The U.S. Supreme Court recently requested the Bush Administration’s opinion on whether public-school districts should be obliged to pay for special-education placements in unaccredited private schools chosen by parents. The Florence County, S.C., school district, along with the National School Boards Association and nine states, appealed to the High Court to reverse lower-court decisions in the case. The district was compelled to reimburse parents who opted to place their child with learning disabilities in an unapproved private school after a disagreement over her personalized education program. The N.S.B.A. cautioned that these rulings, including those in the South Carolina case, have led to an increase in parents seeking private-school placements at public cost, therefore depleting funds from special-education services.
The N.S.B.A. stated in legal documents that the case is another illustration of parents being granted veto power over their child’s placement. On May 18, the High Court issued a brief order, urging the U.S. Solicitor General to provide the federal government’s perspective in Florence County School District v. Carter (Case No. 91-1523). This request indicates that the Justices are considering taking up the case, but would like to hear the Administration’s views on the federal law in question, the Individuals With Disabilities Education Act, or I.D.E.A., before making a decision. Under a Supreme Court ruling in Burlington School Committee v. Massachusetts Department of Education in 1985, dissatisfied parents can unilaterally place their child in a private school and are entitled to tuition reimbursement if it is ultimately determined that the public-school education was inadequate. The main issue in the South Carolina case is whether such reimbursements are necessary when parents choose private schools that do not meet state standards or have not been approved for special-education placements.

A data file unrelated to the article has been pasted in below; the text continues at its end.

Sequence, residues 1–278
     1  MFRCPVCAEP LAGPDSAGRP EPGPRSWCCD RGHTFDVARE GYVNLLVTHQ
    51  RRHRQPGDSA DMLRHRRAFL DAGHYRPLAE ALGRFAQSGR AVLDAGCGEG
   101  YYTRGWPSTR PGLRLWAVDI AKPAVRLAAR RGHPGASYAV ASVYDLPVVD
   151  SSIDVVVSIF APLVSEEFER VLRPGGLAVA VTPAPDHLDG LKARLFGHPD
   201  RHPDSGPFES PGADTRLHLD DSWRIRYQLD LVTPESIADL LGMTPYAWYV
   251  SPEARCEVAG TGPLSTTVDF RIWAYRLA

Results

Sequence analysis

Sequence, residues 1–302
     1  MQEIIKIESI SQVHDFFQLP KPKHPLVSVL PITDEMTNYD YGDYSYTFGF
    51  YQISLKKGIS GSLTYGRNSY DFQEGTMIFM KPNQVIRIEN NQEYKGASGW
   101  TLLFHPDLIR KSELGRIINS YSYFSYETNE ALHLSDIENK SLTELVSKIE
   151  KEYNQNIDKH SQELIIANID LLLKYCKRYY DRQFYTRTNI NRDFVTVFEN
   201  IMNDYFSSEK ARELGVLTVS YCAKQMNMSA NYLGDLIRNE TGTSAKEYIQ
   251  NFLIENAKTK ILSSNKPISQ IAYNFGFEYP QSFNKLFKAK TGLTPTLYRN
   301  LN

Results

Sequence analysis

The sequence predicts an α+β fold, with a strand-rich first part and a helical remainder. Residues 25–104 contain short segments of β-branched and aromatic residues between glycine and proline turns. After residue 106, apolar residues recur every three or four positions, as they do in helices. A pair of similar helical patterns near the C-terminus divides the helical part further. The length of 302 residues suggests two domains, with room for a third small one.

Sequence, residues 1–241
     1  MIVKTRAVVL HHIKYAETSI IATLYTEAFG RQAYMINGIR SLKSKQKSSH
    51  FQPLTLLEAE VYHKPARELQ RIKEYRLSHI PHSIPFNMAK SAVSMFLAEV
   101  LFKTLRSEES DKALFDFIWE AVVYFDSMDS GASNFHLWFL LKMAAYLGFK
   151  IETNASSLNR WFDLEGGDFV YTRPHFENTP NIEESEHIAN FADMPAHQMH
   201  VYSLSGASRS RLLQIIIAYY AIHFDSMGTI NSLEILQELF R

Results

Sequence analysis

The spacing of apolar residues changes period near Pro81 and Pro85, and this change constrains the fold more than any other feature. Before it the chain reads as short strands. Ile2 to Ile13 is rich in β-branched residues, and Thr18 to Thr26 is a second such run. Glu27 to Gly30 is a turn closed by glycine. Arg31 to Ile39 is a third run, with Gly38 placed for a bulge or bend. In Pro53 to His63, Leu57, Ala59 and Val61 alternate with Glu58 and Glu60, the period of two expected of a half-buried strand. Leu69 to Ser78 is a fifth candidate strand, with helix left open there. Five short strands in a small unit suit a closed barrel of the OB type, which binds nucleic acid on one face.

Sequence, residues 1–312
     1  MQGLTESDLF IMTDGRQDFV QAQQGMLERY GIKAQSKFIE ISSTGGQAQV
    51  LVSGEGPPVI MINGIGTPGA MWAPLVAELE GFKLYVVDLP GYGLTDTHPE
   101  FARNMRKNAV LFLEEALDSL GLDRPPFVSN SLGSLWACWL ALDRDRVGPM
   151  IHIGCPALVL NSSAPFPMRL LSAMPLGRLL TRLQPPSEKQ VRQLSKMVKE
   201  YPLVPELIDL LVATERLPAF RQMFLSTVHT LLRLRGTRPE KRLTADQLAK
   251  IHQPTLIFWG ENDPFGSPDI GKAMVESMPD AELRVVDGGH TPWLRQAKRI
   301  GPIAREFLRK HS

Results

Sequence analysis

The case revolves around a young woman who was diagnosed with a learning disability in 1985 by officials at the Florence County school. The parents contested her personalized program in federal court while enrolling her in a private school for children with learning disabilities. A U.S. district judge later ruled that the school district had failed to provide the girl with a free and appropriate education under the I.D.E.A., and that the private school had indeed provided her with an appropriate education, based on her progress there. The judge ordered that the parents be reimbursed over $35,000 for three years of expenses. Last year, a panel from the U.S. Court of Appeals for the Fourth Circuit, which included retired Supreme Court Justice Lewis F. Powell Jr., determined that the I.D.E.A. does not require parents to select a state-approved institution.
In a separate action, the High Court has agreed to decide whether states must issue refunds for taxes collected that were later deemed to be unconstitutional. This question has significant implications for states like Virginia, which may have to refund millions of dollars to federal retirees if the High Court rules against them in Harper v. Virginia Department of Taxation (No. 91-794). Virginia and several other states used to discriminate between public employee pension income, taxing federal retirees while exempting retired state and local government workers. This practice was declared unconstitutional by the High Court in 1989, but whether refunds for the illegal tax were required remained unresolved. The total amount of liability for states in the event of having to refund such taxes has been estimated by state groups to be over $2 billion. Virginia, with the largest number of federal retirees of any state, would face the highest refund bill for the illegal taxes, amounting to an estimated $440 million. If the case is lost, state officials predict that there will be a proportional reduction in funds for public schools, law enforcement, corrections, social programs, and various other state services. The case will be argued during the next term.
Lastly, the High Court has upheld a ruling by New York’s highest court that state labor law can exempt religious schools from contributing to the unemployment-insurance system. This law was challenged by a former English teacher at a Jewish high school in New York City who was denied unemployment compensation after losing her job.
Your objective is to rephrase the entire content using enhanced vocabulary and ensure it is original and written in a natural language. The given text is as follows: